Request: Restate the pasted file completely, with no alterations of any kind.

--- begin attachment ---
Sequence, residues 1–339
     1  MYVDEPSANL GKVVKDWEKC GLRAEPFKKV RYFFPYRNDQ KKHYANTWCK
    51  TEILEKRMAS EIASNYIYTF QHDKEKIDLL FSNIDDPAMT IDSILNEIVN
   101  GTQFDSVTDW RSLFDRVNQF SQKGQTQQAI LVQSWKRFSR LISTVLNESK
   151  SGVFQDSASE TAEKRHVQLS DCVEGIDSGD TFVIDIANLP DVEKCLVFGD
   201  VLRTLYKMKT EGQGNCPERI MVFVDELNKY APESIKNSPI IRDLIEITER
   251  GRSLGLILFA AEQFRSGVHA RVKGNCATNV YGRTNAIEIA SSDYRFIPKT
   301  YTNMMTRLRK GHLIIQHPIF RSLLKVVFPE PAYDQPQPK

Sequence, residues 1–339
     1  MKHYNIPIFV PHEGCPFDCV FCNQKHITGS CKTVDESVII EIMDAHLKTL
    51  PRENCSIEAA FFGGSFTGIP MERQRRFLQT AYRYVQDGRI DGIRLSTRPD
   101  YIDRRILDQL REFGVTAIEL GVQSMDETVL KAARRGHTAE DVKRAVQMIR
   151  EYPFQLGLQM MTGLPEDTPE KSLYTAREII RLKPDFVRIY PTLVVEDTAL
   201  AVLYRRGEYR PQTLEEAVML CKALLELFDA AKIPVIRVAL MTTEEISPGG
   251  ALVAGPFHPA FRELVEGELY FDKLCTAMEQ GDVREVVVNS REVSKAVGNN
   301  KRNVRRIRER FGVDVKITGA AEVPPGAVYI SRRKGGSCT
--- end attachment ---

Sequence, residues 1–339
     1  MYVDEPSANL GKVVKDWEKC GLRAEPFKKV RYFFPYRNDQ KKHYANTWCK
    51  TEILEKRMAS EIASNYIYTF QHDKEKIDLL FSNIDDPAMT IDSILNEIVN
   101  GTQFDSVTDW RSLFDRVNQF SQKGQTQQAI LVQSWKRFSR LISTVLNESK
   151  SGVFQDSASE TAEKRHVQLS DCVEGIDSGD TFVIDIANLP DVEKCLVFGD
   201  VLRTLYKMKT EGQGNCPERI MVFVDELNKY APESIKNSPI IRDLIEITER
   251  GRSLGLILFA AEQFRSGVHA RVKGNCATNV YGRTNAIEIA SSDYRFIPKT
   301  YTNMMTRLRK GHLIIQHPIF RSLLKVVFPE PAYDQPQPK

Sequence, residues 1–339
     1  MKHYNIPIFV PHEGCPFDCV FCNQKHITGS CKTVDESVII EIMDAHLKTL
    51  PRENCSIEAA FFGGSFTGIP MERQRRFLQT AYRYVQDGRI DGIRLSTRPD
   101  YIDRRILDQL REFGVTAIEL GVQSMDETVL KAARRGHTAE DVKRAVQMIR
   151  EYPFQLGLQM MTGLPEDTPE KSLYTAREII RLKPDFVRIY PTLVVEDTAL
   201  AVLYRRGEYR PQTLEEAVML CKALLELFDA AKIPVIRVAL MTTEEISPGG
   251  ALVAGPFHPA FRELVEGELY FDKLCTAMEQ GDVREVVVNS REVSKAVGNN
   301  KRNVRRIRER FGVDVKITGA AEVPPGAVYI SRRKGGSCT